What Happens When You Rear-End A Vehicle With A Trailer Hitch?

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By Marcus Fernandez

Accidents happen when drivers fail, even for only seconds, to pay attention to the road ahead of them. About 396,000 accidents occurred on Florida roadways last year, resulting in 3,516 deaths and 251,504 injuries. One of the most common types of accidents is the rear-end collision.

Colliding with a trailer-hitched vehicle can worsen injuries and cause more property damage. You may also claim damages against the other driver, despite sharing some responsibility for the crash.

In this blog post, you’ll learn about rear-end crashes, how trailer hitches affect the severity of the impact, and how you may be entitled to recover damages from the other driver. You’ll also learn about the evidence needed to prove your claim and how to preserve it.

What is the crash pulse, and how does it apply to rear-end collisions?

Imagine you’re in a car, and another vehicle crashes into it. Your body moves because of the forces exerted by the collision. Vehicles are designed for their frames to absorb and distribute the force to lessen its effect on your body. Crash pulse is the pattern of distribution of the force of a crash. The goal is to distribute and weaken the force before it affects the occupants of a vehicle.

A trailer hitch is a rigid object attached to a vehicle’s frame. In a rear-end collision, the trailer hitch becomes the primary point of contact, instead of the frame of the vehicle. Rather than the force being absorbed by the vehicle’s frame, it is effectively transmitted to the occupants. 

The crash pulse that auto designers and engineers aim to achieve is one where the vehicle absorbs the primary forces of a crash to minimize the impact on the driver and passengers. A trailer hitch causes a crash pulse with peak crash forces transferred to the occupants, which increases the likelihood and severity of injuries.

Who is at fault in a rear-end collision when a vehicle has a trailer hitch?

As a general rule, drivers must be attentive when operating a motor vehicle, obey traffic laws, and always maintain control over their vehicles. A rear-end crash usually results when a motorist tailgates or becomes distracted, which generally makes the driver in the rear vehicle liable for causing the collision. However, there may be circumstances under which the driver of the vehicle that was hit may be at fault, including the following:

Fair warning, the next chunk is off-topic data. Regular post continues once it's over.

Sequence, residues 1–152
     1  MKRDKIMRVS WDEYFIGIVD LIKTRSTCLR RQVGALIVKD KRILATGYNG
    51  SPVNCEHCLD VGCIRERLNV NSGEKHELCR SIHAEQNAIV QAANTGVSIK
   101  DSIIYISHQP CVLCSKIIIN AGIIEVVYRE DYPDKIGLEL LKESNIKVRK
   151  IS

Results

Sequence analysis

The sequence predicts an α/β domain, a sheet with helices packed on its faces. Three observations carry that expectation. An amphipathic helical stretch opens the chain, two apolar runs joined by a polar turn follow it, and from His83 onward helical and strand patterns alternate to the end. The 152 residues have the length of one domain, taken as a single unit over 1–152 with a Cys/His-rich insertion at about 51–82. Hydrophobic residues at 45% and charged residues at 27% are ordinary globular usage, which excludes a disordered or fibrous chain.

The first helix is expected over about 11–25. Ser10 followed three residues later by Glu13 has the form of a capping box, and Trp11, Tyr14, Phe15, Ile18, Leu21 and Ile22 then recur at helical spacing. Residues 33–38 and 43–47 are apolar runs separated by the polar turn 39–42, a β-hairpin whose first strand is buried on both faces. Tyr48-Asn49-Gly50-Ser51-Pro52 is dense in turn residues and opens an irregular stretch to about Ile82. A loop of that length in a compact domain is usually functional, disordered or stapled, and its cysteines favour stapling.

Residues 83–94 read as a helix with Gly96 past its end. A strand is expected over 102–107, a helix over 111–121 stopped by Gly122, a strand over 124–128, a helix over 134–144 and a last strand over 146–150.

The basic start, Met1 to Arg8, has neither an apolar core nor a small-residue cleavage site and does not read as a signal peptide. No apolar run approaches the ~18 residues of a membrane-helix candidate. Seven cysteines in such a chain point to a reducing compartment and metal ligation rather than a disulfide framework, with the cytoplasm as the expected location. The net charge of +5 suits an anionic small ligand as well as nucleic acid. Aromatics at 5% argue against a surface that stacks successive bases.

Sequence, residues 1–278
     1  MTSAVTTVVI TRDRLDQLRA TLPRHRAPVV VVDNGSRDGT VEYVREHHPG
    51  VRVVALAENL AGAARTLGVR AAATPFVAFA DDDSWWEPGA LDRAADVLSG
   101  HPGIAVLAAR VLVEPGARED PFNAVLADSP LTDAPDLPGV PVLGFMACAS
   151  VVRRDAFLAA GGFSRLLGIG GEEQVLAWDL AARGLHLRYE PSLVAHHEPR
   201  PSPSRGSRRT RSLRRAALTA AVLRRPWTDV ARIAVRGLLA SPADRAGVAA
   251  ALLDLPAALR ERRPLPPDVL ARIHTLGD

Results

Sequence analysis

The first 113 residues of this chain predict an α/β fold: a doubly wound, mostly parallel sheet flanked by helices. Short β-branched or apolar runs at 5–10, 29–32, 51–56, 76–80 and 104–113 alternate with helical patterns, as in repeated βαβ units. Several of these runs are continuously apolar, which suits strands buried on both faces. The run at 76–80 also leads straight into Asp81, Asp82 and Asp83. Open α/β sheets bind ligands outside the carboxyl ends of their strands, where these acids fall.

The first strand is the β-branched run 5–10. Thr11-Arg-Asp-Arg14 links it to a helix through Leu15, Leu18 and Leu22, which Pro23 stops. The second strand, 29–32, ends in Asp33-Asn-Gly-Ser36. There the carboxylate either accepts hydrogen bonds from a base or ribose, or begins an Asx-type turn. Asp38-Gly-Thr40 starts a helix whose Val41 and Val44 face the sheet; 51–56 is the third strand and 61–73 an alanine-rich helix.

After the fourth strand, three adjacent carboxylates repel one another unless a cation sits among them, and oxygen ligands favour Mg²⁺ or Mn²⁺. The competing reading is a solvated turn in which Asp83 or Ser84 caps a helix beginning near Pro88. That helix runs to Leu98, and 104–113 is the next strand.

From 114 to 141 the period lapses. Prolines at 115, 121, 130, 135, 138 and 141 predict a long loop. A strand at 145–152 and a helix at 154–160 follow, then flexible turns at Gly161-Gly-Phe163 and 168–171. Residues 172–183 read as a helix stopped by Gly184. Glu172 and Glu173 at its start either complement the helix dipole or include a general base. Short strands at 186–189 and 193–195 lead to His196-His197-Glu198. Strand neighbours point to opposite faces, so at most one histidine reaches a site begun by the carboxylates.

• Backing into another vehicle.
  • Abrupt and unexpected stopping in traffic.
  • Driving a car without functioning brake lights.

If the driver of a vehicle you hit in the rear engaged in these or other activities that contributed to causing the accident, the other driver’s fault may be a defense. Under Florida law, a person who is more than 50% at fault in causing a crash may not recover damages through a personal injury lawsuit.

Preserving evidence after an accident with a vehicle equipped with a trailer hitch

Evidence aids claims for compensation or defense in car accidents, whether you crash into another vehicle or someone crashes into you. Take the following steps to preserve evidence:

  • Get the names and contact information of all witnesses to the crash.
  • Use your phone’s camera to take photos of the vehicles, including their position relative to each other and any damage.
  • Take photos of skid marks, debris, and car parts on the ground.
  • Take photos of buildings, traffic control devices, and pavement markings.

Buildings may have surveillance cameras that can offer video of the accident as it happened. If you are injured and cannot take pictures or gather evidence, ask someone to do it for you.

Contact a Tampa personal injury attorney

If you are injured in a rear-end collision with a vehicle that has a trailer hitch, you need advice and guidance from an experienced Tampa car accident attorney. Act now to claim damages if another party’s fault caused harm, as your time for recovery is limited. Contact the personal injury attorneys at KFB Law today for a free consultation.